The aim of the present study was to investigate if wt-hSOD1 is involved in the pathogenesis of SALS and FALS patients lacking SOD1 mutations and to evaluate the neurotoxic effect of misfolded wt-hSOD1 protein in vivo by generating a transgenic wt-hSOD1 mice model. We produced specific SOD1-peptide-generated antibodies that could discriminate between the misfolded and native form of the enzyme and optimized a staining protocol for detection of misfolded wt-hSOD1 by immunohistochemistry and confocal microscopy of brain and spinal cord tissue. We discovered that aggregates of misfolded wt-hSOD1 were constitutively present in the cytoplasm of motor neurons in all investigated SALS patients and in FALS patients lacking SOD1 gene mutations. Interestingly, the misfolded wt-hSOD1 aggregates were also found in some motor neuron nuclei and in the nuclei of the surrounding glial cells, mainly astrocytes but also microglia and oligodendrocytes, indicating that misfolded wt-hSOD1 protein aggregates may exert intranuclear toxicity. We compared our findings to FALS with SOD1 mutations by investigating brain and spinal cord tissue from patients homozygous for the D90A SOD1 mutation, a common SOD1 mutation that encodes a stable SOD1 protein with a wild-type-like enzyme activity. We observed a similar morphology with a profound loss of motor neurons and aggregates of misfolded SOD1 in the remaining motor neuron. Interestingly, we found gliosis and microvacuolar degeneration in the superficial lamina of the frontal and temporal lobe, indicating a possible frontotemporal lobar dementia in addition to the ALS disorder.

Our morphological and biochemical findings were tested in vivo by generating homozygous transgenic mice that over expressed wt-hSOD1. These mice developed a fatal ALS-like disease, mimicking the one seen in mice expressing mutated hSOD1. The wt-hSOD1 mice showed a slower weight gain compared to non-transgenic mice and developed a progressive ALS-like hind-leg paresis. Aggregates of misfolded wt-hSOD1 were found in the brain and spinal cord neurons similar to those in humans accompanied by a loss of 41 % of motor neurons compared to non-transgenic litter mates.

In conclusion, we found misfolded wt-hSOD1 aggregates in the cytoplasm and nuclei of motor neurons and glial cells in all patients suffering from ALS syndrome. Notable is the fact that misfolded wt-hSOD1 aggregates were also detected in FALS patients lacking SOD1 mutations indicating a role for SOD1 even when other genetic mutations are present. The neurotoxicity of misfolded wt-hSOD1 protein was confirmed in vivo by wt-hSOD1 transgenic mice that developed a fatal ALS-like disease. Taken together, our results support the notion that misfolded wt-hSOD1 could be generally involved and play a decisive role in the pathogenesis of all forms of ALS.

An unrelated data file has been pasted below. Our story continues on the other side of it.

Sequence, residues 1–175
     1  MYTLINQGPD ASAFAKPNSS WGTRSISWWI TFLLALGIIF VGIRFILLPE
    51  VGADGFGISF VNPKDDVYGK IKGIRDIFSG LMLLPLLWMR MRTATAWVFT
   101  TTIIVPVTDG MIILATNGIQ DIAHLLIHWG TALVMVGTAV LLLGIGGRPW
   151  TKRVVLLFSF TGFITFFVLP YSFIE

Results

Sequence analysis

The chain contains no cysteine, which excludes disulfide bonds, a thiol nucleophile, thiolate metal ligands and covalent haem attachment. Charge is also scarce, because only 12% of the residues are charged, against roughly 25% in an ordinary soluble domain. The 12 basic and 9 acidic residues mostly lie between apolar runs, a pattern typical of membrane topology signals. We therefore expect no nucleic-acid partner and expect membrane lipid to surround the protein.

Place, publisher, year, edition, pages
Umeå: Umeå Universitet, 2011. p. 78
Series
Umeå University medical dissertations, ISSN 0346-6612 ; 1438
Keywords
ALS, SOD-1 motor neuron, protein misfolding, intranuclear, antibodies, CNS, brain
National Category
Neurosciences
Research subject
Pathology
Identifiers
urn:nbn:se:umu:diva-47550 (URN)978-91-7459-256-6 (ISBN)
Public defence
2011-10-14, Betula, Umeå University, Norrlands Universitetssjukhus, byggnad 6M, Umeå, 09:00 (English)
Opponent
Supervisors
Available from: 2011-09-23 Created: 2011-09-22 Last updated: 2018-06-08Bibliographically approved
Waage, A., Gimsing, P., Fayers, P., Abildgaard, N., Ahlberg, L., Björkstrand, B., . . . Turesson, I. (2010). Melphalan and prednisone plus thalidomide or placebo in elderly patients with multiple myeloma. Blood, 116(9), 1405-1412
Open this publication in new window or tab >>Melphalan and prednisone plus thalidomide or placebo in elderly patients with multiple myeloma
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2010 (English)In: Blood, ISSN 0006-4971, E-ISSN 1528-0020, Vol. 116, no 9, p. 1405-1412Article in journal (Refereed) Published
Abstract [en]

In this double-blind, placebo-controlled study, 363 patients with untreated multiple myeloma were randomized to receive either melphalan-prednisone and thalidomide (MPT) or melphalan-prednisone and placebo (MP). The dose of melphalan was 0.25 mg/kg and prednisone was 100 mg given daily for 4 days every 6 weeks until plateau phase. The dose of thalidomide/placebo was escalated to 400 mg daily until plateau phase and thereafter reduced to 200 mg daily until progression. A total of 357 patients were analyzed. Partial response was 34% and 33%, and very good partial response or better was 23% and 7% in the MPT and MP arms, respectively (P < .001). There was no significant difference in progression-free or overall survival, with median survival being 29 months in the MPT arm and 32 months in the MP arm. Most quality of life outcomes improved equally in both arms, apart from constipation, which was markedly increased in the MPT arm. Constipation, neuropathy, nonneuropathy neurologic toxicity, and skin reactions were significantly more frequent in the MPT arm. The number of thromboembolic events was equal in the 2 treatment arms. In conclusion, MPT had a significant antimyeloma effect, but this did not translate into improved survival. This trial was registered at www.clinicaltrials.gov as #NCT00218855.

Identifiers
urn:nbn:se:umu:diva-36855 (URN)10.1182/blood-2009-08-237974 (DOI)20448107 (PubMedID)
Available from: 2010-10-12 Created: 2010-10-12 Last updated: 2018-06-08Bibliographically approved